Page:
Is Your Worker an Employee or Independent Contractor?

by | Sep 16, 2021 | Biz Taxes, Small Business | 0 comments

As a small business owner, it’s important to classify your workers properly. Federal and state withholding, Social Security and Medicare, and unemployment taxes are all dependent on this classification.

Independent Contractor Vs. Employee

Whether a worker is an independent contractor or an employee depends on the relationship between the worker and your business. Generally, there are three categories to consider:

  1. Behavioral Control: Do you control what the worker does, and how and when the worker does the job?
  2. Financial Control: Do you direct or control the financial and business aspects of the worker’s job. This includes things like how the worker is paid, whether expenses are reimbursed, and who provides tools/supplies, etc.
  3. Relationship of the Parties: Do you have written contracts or employee-type benefits (i.e. pension plan, insurance, vacation pay, etc.)? Will the relationship continue and is the work performed a key aspect of your business?

In general, employees perform services for a business that specifies what to do and how to do it. What matters is that you control the details of how and when your workers perform the services. In this case, you would withhold and pay income taxes, Social Security and Medicare taxes, as well as unemployment taxes, and provide a Form W-2 to each employee at the beginning of each tax year.

Independent contractors, on the other hand, typically offer their services to several businesses, or to the public. Doctors, dentists, veterinarians, lawyers, accountants, contractors, subcontractors, freelance web designers and others are generally considered independent contractors. Since independent contractors do not have taxes withheld, they are responsible for paying these taxes themselves. Rather, you (the business “hiring” the independent contractor) provide a Form 1099 at the beginning of each tax year.

Keep in mind: If you misclassify an employee as an independent contractor without a reasonable basis, you can be held liable for employment taxes for that worker.

What About Self-Employed & Gig Workers?

Generally, someone is self-employed if any of the following apply to them.

  • They carry on a trade or business as a sole proprietor or an independent contractor.
  • They are a member of a partnership that carries on a trade or business.
  • They are otherwise in business for themselves (part-time or full-time).

Self-employed individuals generally are required to file an annual tax return and pay estimated tax quarterly. They must pay self-employment tax (Social Security and Medicare tax) as well as income tax. This is true even if their income is: from part-time, temporary or side work; not reported on a Form 1099-K, 1099-MISC, W-2 or other income statement; or paid in any form, including cash, property, goods or virtual currency.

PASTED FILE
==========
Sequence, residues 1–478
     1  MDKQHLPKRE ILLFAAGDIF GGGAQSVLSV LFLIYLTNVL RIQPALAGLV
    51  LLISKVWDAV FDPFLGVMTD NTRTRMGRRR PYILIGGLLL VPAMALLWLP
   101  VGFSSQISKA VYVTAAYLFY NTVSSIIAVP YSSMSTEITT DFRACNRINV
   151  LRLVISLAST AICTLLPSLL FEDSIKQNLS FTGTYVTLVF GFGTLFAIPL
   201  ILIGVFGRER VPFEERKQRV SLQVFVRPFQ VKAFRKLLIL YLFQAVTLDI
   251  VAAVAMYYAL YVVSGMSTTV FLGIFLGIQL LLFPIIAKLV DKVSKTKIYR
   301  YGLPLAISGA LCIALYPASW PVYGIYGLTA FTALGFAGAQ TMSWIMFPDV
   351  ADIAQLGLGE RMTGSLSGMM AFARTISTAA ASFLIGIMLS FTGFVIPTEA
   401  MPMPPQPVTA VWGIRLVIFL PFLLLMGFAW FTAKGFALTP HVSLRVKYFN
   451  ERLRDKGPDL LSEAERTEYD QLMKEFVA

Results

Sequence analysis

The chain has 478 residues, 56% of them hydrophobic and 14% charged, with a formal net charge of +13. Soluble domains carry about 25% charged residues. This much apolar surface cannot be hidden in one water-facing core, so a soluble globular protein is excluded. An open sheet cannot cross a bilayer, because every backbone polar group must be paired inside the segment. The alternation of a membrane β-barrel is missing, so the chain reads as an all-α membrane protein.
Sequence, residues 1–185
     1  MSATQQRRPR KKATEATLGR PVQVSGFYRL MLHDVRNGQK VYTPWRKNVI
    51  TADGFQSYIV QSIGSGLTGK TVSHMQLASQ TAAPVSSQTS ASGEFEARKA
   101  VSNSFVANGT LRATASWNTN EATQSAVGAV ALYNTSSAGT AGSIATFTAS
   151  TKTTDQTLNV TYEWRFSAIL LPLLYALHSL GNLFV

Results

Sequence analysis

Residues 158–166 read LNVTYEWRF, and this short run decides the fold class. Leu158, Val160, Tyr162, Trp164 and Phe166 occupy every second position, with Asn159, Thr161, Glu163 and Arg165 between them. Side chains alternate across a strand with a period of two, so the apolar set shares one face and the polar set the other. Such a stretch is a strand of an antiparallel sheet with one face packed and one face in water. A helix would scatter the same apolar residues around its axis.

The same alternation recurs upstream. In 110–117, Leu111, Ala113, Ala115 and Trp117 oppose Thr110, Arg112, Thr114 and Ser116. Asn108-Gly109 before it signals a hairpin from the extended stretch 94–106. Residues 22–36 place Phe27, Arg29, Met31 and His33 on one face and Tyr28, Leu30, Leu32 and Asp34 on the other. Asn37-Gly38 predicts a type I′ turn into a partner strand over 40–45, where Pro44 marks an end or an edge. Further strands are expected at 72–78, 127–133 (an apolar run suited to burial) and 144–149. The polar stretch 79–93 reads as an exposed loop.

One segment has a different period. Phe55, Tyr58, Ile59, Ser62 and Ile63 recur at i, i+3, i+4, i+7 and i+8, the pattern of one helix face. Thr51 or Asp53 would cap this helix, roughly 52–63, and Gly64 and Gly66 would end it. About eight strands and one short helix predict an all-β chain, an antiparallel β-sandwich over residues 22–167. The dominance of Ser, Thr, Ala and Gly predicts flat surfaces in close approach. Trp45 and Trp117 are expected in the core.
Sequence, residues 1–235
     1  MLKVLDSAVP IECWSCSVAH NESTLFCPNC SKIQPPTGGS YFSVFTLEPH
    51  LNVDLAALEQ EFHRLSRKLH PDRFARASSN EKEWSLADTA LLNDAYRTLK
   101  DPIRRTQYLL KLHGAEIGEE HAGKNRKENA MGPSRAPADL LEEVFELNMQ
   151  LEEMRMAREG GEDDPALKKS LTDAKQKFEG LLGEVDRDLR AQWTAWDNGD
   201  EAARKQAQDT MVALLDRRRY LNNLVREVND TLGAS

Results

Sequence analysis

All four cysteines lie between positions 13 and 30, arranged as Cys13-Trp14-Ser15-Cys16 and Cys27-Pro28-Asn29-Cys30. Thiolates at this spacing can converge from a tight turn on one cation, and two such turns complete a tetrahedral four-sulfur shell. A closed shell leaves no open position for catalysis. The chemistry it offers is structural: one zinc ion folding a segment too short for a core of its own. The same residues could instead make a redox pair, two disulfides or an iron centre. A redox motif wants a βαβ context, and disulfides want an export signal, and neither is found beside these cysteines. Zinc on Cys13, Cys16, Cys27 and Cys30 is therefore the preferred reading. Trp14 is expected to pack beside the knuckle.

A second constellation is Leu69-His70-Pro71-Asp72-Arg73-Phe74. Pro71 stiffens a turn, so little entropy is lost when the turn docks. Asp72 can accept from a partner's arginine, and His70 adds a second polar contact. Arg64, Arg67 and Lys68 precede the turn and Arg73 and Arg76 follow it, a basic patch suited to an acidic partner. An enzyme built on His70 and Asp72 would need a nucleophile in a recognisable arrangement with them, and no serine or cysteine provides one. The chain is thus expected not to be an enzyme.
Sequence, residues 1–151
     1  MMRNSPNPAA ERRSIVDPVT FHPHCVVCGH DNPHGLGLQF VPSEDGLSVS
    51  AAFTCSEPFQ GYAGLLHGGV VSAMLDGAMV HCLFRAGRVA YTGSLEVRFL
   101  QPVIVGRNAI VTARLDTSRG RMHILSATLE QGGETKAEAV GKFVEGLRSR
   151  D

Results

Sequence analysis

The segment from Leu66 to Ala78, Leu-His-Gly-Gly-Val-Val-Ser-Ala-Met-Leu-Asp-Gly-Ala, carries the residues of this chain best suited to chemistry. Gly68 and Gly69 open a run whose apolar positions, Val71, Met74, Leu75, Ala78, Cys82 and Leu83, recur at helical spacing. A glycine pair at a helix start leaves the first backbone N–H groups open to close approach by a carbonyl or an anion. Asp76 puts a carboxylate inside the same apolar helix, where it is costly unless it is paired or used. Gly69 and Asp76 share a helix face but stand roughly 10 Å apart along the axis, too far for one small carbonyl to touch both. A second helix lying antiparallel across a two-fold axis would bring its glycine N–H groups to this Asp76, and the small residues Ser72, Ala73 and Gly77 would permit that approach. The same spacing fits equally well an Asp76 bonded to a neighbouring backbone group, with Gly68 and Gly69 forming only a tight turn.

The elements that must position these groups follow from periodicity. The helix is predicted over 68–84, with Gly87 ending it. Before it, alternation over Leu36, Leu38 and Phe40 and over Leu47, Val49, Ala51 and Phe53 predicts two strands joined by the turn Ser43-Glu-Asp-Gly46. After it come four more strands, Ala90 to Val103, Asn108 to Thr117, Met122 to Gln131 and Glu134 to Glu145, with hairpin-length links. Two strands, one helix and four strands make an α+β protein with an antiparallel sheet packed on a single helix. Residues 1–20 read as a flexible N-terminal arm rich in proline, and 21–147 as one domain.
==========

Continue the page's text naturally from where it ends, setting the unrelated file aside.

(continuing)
Do You Have Employees or Independent Contractors?

If you’re not sure how to classify your workers, contact us for guidance. We can help you determine the best course of action for each instance — and make sure you avoid penalties for misclassification.

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Keep Track of Payments for Form 1099-MISC

You will need to request a person’s or business’ Taxpayer Identification Number (TIN) via Form W-9 when you pay them at least $600 during the year for:

  • Rents.
  • Prizes and awards.
  • Other income payments.
  • Medical and healthcare payments.
  • Crop insurance proceeds.
  • Cash payments for fish (or other aquatic life) you purchase from anyone engaged in the trade or business of catching fish.
  • Generally, the cash paid from a notional principal contract to an individual, partnership, or estate.
  • Payments to an attorney.
  • Any fishing boat proceeds.

In addition, you’ll use Form 1099-MISC to report when you made direct sales of at least $5,000 of consumer products to a buyer for resale anywhere other than a permanent retail establishment.

Cost of COVID-19 Home Testing Is Eligible Medical Expense

The cost of purchasing a home testing kit for COVID-19 is an eligible medical expense that you can pay for or be reimbursed through your health flexible spending arrangement (health FSA), health savings account (HSA), health reimbursement arrangement (HRA) or Archer medical savings account (Archer MSA). The costs of personal protective equipment, such as masks, hand sanitizer and sanitizing wipes, for the primary purpose of preventing the spread of COVID-19 are also eligible medical expenses.

Video Tax Tip

Here are a few tips for small businesses, trusts, estates, charities and others about the Employer Identification Number (EIN). For more details, visit